Room: Emma Donoghue
If this story had been told by anyone else, I wouldn’t have read it. The premise of the novel is horrific, but once I started reading Room, I couldn’t put it down. I fell asleep thinking about it, and woke up itching to pick it up again. I read it on the tram to and from work, and attempted to read it as I walked home. I cursed Melbourne’s streetlights for being too far apart to comfortably read by while walking down the street.
I was thrilled when I discovered Emma Donoghue had a new novel coming out. She is one of my favourite authors. She writes edgy historical novels and compelling contemporary fiction. Her historical fiction, such as Slammerkin, is loosely based on real events, reimagined to tell stories from a different perspective. In her volume of contemporary short stories, Touchy Subjects, ordinary characters in everyday situations are rendered fascinating through her wit and insight. Room is something else altogether.
Room is narrated by Jack. He is energetic, bursting with curiosity, full of questions about the world, and excited by his fifth birthday. Yet you know something is not quite right in Jack’s world by the second sentence, when he mentions going to sleep ‘in Wardrobe’. Why is he sleeping in a wardrobe? What kind of five-year-old thinks that’s normal?
Jack lives in ‘Room’ with his Ma, and knows nothing of the outside world. The objects in the 11-by-11-foot room they are locked in – Wardrobe, Door, Skylight – are almost characters in the story, because of the smallness of their world. With only his mother for company, Jack thinks of cartoon characters on TV as friends, because he has no concept of other children or real friends. His relationship with his Ma is intensified because they have only each other.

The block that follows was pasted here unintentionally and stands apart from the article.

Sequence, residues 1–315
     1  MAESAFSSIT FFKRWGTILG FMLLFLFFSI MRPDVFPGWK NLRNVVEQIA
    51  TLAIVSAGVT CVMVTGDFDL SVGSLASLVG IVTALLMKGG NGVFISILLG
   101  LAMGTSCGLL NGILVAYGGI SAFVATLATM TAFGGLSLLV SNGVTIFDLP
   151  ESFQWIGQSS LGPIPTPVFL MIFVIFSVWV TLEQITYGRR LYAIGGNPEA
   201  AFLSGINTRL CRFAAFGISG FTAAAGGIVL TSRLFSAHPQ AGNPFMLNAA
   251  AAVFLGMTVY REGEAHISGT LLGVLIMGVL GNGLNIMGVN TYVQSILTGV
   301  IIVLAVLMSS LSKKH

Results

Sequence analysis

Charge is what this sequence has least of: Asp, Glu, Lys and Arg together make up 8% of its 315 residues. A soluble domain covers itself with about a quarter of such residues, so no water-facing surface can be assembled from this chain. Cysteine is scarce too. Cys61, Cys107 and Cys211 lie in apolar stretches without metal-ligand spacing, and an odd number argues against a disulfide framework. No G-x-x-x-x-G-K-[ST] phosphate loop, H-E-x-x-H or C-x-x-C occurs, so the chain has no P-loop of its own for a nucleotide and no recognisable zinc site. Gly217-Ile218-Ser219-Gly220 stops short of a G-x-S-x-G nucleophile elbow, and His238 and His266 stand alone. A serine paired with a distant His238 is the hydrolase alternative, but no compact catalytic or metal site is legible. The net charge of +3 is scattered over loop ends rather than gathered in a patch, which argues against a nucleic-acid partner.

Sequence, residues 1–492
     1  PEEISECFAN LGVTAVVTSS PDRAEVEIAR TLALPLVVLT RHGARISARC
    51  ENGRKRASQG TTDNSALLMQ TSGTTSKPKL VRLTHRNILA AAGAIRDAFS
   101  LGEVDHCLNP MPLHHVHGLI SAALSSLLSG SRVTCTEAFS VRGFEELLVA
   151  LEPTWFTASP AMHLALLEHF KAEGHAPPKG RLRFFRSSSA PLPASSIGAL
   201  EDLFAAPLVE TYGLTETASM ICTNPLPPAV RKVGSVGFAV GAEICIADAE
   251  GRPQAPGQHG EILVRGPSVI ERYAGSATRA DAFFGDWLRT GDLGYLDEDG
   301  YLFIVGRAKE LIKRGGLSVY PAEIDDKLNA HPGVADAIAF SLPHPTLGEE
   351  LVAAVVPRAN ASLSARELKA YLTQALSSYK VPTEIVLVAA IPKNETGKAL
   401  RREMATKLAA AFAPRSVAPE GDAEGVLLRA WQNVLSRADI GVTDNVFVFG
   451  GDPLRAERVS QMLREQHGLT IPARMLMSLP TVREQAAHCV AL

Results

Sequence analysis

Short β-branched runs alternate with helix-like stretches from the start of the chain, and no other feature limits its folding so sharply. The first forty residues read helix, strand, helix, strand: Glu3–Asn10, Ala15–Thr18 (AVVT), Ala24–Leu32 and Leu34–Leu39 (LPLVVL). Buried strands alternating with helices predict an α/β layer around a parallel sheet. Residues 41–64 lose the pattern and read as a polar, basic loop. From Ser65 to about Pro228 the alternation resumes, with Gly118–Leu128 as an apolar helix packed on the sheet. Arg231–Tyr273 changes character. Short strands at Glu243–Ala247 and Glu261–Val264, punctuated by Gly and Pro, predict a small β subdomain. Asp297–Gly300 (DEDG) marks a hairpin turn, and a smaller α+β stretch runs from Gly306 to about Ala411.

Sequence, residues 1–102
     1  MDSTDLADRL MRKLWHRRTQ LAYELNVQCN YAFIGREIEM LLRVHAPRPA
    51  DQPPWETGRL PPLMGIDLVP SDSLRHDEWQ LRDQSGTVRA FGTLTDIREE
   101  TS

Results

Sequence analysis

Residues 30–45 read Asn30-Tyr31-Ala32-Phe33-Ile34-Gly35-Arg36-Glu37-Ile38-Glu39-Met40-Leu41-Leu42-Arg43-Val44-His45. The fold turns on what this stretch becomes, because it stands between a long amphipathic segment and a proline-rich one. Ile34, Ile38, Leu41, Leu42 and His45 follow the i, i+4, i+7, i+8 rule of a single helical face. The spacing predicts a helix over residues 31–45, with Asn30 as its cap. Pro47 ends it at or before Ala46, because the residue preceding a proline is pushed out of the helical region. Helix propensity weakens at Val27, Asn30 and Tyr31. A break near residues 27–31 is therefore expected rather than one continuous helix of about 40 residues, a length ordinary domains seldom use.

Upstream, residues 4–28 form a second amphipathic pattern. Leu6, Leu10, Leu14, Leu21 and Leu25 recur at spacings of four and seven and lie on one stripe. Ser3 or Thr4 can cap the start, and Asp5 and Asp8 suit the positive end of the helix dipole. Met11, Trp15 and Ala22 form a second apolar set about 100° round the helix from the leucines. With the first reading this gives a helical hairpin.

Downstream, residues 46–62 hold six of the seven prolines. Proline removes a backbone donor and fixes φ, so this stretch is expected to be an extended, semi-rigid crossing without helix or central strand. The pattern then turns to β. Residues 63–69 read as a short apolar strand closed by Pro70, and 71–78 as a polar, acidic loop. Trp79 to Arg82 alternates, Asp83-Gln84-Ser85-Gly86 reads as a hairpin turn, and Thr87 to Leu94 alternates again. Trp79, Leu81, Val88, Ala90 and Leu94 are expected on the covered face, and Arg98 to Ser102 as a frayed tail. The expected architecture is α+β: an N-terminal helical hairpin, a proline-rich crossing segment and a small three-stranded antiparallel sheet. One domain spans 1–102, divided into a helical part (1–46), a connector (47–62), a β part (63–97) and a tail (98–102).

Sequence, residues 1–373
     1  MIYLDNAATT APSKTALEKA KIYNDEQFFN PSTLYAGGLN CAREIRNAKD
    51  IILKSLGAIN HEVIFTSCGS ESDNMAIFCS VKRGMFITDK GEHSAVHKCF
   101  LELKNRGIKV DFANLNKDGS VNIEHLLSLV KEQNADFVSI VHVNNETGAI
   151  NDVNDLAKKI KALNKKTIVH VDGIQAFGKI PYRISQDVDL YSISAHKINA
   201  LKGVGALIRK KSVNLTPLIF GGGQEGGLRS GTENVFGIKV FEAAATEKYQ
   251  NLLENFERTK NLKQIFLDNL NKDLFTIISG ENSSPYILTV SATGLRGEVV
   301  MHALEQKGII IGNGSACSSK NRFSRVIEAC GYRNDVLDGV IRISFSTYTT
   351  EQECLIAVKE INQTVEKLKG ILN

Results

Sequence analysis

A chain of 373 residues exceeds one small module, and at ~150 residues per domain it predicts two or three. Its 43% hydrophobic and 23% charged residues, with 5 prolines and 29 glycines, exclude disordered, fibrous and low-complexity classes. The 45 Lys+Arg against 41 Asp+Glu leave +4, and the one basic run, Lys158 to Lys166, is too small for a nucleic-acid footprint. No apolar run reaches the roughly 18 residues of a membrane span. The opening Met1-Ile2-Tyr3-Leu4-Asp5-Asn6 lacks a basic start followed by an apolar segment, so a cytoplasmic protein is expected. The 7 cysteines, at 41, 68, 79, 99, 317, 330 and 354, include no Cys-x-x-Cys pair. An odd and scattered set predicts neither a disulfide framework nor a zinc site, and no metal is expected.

In some sense, Room is not so different to Donoghue’s earlier historical novels, because it is inspired by real events, turned around and retold from a different perspective. Room is based on real women and their children, confined under horrible circumstances. But the perspective of this story makes it unique – it is not the sensationalistic story of a man holding a female victim hostage, but the story of a child and his mother in an incredibly difficult situation. Donoghue’s sensitivity and humour make this story not only readable, but beautiful and compelling.
This would be a very different novel if it were told by Jack’s mother. The five-year-old acts as a buffer between the horrifying reality of her existence and the reader. We know what’s going on, but often Jack doesn’t grasp the meaning of the events he describes. This isn’t a fictionalised ‘survivor story’, but a story of the love between mother and child. Through Jack’s voice, we understand what he can’t – that his Ma would do anything for her son to get out of the room.